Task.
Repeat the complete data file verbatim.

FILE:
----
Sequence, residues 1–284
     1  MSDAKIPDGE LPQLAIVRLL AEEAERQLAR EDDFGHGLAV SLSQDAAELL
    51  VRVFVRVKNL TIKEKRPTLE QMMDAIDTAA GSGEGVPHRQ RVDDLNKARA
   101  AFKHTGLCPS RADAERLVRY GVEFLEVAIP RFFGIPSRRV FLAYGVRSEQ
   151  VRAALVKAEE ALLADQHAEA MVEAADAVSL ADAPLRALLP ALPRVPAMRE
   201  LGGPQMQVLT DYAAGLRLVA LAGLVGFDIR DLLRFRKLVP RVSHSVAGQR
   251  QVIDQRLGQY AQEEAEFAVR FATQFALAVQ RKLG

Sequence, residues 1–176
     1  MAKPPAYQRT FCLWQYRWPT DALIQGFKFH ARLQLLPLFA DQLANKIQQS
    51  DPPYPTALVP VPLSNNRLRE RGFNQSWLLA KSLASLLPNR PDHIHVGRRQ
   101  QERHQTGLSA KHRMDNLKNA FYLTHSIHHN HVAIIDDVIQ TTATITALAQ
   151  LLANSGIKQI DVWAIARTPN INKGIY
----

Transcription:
Sequence, residues 1–284
     1  MSDAKIPDGE LPQLAIVRLL AEEAERQLAR EDDFGHGLAV SLSQDAAELL
    51  VRVFVRVKNL TIKEKRPTLE QMMDAIDTAA GSGEGVPHRQ RVDDLNKARA
   101  AFKHTGLCPS RADAERLVRY GVEFLEVAIP RFFGIPSRRV FLAYGVRSEQ
   151  VRAALVKAEE ALLADQHAEA MVEAADAVSL ADAPLRALLP ALPRVPAMRE
   201  LGGPQMQVLT DYAAGLRLVA LAGLVGFDIR DLLRFRKLVP RVSHSVAGQR
   251  QVIDQRLGQY AQEEAEFAVR FATQFALAVQ RKLG

Sequence, residues 1–176
     1  MAKPPAYQRT FCLWQYRWPT DALIQGFKFH ARLQLLPLFA DQLANKIQQS
    51  DPPYPTALVP VPLSNNRLRE RGFNQSWLLA KSLASLLPNR PDHIHVGRRQ
   101  QERHQTGLSA KHRMDNLKNA FYLTHSIHHN HVAIIDDVIQ TTATITALAQ
   151  LLANSGIKQI DVWAIARTPN INKGIY